Yes. The audio version represents a spectacular performance by famous actor Colin Firth. Hearing the words enhances the story.
"Rules of Civility" is similar in that it takes place in a large city (New York) during an historically interesting period of time (1938) and is written in flashback from the standpoint of one of the lovers. Both stories involve a love affair. The books differ in terms of publication dates (many decades). The stories are tragic in different ways. The milieu is quite dissimilar (war and post-war in London versus pre-war and late Depression In New York). "Rules of Civility" is by a newer author while "The End of the Affair" is considered a classic. The latter raises a universal issue (belief in a higher power). The former appears to be written more for entertainment (a riches-to-rags story).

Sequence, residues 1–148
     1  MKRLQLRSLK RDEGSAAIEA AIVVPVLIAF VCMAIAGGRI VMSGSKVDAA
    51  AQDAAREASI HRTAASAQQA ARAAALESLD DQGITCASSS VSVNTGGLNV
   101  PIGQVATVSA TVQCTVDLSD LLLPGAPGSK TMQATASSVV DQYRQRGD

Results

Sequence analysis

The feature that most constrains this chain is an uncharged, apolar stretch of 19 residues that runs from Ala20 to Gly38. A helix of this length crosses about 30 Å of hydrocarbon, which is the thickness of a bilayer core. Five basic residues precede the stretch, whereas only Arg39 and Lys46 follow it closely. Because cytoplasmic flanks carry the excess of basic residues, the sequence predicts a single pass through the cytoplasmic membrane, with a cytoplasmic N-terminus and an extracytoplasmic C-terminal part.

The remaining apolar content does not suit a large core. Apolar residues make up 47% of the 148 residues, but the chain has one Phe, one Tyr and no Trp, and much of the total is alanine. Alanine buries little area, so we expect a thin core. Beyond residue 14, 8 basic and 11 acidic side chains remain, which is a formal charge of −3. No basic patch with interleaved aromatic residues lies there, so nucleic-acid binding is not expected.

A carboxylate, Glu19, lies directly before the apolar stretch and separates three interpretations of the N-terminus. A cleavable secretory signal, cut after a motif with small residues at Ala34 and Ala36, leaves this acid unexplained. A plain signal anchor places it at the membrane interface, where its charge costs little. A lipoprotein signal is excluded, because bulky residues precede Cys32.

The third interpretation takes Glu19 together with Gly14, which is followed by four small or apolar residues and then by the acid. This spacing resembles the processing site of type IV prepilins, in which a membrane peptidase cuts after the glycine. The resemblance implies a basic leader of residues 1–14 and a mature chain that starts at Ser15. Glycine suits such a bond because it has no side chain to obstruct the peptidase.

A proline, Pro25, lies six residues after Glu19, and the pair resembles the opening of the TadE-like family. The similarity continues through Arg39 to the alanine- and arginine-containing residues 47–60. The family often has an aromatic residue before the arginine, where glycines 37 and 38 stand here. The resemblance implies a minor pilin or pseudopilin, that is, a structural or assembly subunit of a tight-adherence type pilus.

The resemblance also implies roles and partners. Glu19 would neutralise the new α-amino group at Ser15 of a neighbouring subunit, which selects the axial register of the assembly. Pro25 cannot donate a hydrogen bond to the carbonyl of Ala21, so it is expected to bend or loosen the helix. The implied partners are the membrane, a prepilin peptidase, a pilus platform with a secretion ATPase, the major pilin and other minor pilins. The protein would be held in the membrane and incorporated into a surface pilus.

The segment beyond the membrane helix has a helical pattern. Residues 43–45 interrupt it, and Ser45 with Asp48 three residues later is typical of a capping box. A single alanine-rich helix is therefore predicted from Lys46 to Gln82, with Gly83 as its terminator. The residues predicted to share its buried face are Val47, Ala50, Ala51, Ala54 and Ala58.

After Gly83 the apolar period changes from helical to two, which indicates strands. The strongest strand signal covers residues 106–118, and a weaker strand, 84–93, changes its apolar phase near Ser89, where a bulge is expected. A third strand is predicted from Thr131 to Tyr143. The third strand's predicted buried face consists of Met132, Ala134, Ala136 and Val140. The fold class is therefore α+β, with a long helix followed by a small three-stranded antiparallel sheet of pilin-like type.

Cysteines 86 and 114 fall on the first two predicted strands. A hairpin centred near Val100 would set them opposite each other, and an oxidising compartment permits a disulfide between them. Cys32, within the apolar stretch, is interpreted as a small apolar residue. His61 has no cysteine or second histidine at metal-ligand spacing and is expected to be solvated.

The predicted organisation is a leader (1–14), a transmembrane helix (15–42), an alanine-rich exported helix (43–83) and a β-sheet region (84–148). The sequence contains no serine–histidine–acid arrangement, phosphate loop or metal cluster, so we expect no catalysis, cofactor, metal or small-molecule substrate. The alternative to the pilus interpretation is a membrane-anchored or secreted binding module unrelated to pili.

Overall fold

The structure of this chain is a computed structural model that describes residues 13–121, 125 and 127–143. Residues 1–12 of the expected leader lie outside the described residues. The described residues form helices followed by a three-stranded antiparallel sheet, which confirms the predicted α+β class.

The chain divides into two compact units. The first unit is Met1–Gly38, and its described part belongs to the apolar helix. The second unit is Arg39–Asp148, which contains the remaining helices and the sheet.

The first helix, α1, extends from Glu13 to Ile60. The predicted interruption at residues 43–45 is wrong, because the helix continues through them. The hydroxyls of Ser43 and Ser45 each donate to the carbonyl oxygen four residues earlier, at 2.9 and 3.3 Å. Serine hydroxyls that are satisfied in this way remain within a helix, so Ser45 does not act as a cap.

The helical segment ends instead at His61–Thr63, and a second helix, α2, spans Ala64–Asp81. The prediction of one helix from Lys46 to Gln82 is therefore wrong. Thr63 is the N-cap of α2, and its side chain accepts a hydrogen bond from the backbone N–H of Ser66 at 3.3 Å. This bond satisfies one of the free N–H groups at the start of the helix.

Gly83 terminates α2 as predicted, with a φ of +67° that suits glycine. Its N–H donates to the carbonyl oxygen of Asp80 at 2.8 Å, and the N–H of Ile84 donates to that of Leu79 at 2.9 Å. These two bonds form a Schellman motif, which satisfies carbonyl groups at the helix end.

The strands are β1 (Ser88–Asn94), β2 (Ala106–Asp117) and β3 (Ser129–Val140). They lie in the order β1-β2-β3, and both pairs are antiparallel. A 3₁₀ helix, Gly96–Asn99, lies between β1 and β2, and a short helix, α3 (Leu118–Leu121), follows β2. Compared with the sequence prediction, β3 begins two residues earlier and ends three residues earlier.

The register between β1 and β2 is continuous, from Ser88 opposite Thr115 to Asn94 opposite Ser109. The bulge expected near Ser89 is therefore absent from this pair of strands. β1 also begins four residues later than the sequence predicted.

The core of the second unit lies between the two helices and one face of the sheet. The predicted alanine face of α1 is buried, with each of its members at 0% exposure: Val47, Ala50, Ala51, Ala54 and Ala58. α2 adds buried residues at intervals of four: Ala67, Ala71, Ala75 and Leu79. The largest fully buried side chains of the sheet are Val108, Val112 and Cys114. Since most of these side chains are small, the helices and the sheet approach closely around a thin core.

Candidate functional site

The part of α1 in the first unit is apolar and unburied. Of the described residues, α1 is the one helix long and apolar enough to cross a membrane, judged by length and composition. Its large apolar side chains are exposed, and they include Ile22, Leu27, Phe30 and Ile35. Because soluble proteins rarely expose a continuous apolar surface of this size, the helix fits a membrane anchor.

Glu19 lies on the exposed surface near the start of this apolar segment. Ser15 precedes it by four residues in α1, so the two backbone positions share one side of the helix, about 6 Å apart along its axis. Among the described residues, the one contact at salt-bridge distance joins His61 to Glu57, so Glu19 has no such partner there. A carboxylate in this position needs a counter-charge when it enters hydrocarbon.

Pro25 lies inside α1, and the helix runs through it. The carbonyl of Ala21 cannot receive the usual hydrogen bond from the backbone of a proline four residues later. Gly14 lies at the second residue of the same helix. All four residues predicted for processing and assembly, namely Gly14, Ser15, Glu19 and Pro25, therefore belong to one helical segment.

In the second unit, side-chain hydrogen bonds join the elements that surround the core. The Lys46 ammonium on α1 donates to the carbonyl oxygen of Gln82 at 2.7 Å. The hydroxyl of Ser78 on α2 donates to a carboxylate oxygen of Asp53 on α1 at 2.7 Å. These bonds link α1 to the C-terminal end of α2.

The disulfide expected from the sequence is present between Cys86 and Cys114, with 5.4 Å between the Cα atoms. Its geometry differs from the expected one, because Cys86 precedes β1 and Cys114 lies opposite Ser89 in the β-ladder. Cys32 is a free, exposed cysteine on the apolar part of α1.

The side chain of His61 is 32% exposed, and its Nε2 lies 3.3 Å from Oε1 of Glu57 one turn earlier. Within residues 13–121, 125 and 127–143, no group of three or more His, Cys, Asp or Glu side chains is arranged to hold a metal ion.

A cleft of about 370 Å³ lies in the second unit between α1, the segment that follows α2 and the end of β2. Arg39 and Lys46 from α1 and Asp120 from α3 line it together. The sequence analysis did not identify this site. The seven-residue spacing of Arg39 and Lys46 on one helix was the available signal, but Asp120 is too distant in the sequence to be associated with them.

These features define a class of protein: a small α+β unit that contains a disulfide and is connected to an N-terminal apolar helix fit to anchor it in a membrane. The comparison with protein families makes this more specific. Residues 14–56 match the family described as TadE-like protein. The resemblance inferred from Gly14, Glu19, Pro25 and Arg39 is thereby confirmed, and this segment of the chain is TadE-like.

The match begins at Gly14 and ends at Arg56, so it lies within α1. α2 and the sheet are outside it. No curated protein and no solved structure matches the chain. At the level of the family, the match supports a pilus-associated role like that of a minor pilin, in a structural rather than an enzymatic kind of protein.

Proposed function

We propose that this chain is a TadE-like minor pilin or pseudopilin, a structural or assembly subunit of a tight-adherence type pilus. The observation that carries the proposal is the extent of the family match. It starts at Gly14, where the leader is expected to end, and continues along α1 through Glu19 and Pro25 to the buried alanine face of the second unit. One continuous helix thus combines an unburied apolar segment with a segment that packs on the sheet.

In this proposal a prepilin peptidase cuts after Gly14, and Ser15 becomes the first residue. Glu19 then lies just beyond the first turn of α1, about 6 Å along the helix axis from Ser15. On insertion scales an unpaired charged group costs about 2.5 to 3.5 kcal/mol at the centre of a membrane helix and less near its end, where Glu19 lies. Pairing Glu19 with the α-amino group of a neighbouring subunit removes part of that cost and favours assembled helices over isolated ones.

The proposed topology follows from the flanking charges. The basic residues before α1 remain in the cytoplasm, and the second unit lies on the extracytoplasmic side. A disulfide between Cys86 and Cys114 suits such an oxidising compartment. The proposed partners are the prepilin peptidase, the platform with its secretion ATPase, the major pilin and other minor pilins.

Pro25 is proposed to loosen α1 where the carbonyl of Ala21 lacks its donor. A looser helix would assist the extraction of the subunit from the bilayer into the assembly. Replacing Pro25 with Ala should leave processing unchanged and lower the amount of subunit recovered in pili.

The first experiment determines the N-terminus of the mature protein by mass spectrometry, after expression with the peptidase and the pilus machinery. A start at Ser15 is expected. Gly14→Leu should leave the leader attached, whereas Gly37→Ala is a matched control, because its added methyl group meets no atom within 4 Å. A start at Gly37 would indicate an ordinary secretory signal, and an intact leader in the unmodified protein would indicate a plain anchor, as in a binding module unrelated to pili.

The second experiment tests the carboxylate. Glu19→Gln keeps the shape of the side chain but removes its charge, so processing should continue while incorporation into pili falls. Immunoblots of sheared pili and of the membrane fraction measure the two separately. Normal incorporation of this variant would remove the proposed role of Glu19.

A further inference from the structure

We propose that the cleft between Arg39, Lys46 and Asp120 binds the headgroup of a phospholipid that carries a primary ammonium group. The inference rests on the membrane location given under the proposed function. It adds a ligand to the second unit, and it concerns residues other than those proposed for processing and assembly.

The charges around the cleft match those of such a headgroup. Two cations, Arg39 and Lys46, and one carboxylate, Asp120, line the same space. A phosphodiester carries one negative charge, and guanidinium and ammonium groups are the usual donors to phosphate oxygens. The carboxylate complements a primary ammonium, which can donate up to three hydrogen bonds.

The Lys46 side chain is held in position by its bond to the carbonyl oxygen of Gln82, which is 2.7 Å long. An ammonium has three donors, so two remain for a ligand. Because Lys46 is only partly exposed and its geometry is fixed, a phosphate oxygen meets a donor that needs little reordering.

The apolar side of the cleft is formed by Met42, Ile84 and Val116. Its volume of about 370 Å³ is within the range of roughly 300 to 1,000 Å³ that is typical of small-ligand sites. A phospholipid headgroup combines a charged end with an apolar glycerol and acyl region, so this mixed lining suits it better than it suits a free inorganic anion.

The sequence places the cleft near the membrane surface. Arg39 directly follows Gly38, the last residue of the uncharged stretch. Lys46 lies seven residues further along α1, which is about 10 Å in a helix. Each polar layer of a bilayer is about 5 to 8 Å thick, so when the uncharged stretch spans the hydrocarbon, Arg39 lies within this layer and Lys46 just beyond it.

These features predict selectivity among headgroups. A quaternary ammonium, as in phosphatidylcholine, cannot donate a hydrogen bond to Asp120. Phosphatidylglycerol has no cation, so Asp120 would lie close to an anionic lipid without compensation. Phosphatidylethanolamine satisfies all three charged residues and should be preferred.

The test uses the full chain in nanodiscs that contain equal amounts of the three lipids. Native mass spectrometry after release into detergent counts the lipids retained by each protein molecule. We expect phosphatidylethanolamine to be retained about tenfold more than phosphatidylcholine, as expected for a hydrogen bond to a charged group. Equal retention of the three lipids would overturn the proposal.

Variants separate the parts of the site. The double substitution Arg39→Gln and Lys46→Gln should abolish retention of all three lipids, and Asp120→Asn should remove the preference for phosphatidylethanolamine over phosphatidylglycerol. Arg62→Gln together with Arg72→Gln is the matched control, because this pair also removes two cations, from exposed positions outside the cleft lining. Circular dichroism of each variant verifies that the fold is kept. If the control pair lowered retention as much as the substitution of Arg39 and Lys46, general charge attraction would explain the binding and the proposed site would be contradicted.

I loved the intimacy of Mr. Firth's performance. I felt as though I were sitting in a private library by the fire on a cold evening and Mr. Firth were reading the book aloud just to me. I could hear his intake of breath, which was as much a pause as his own reaction to the story itself. He became Maurice. I was entranced.
The private detective (Mr. Parkis) was both a foil to the character of Maurice and a pivotal character in his own right. He was very human, unlike the private detective in a Dickens novel, for example.
I purchased this book based based on a review in "Entertainment Magazine". I love Mr. Firth's performances as an actor and knew I would enjoy his performance as a narrator. I was not disappointed.
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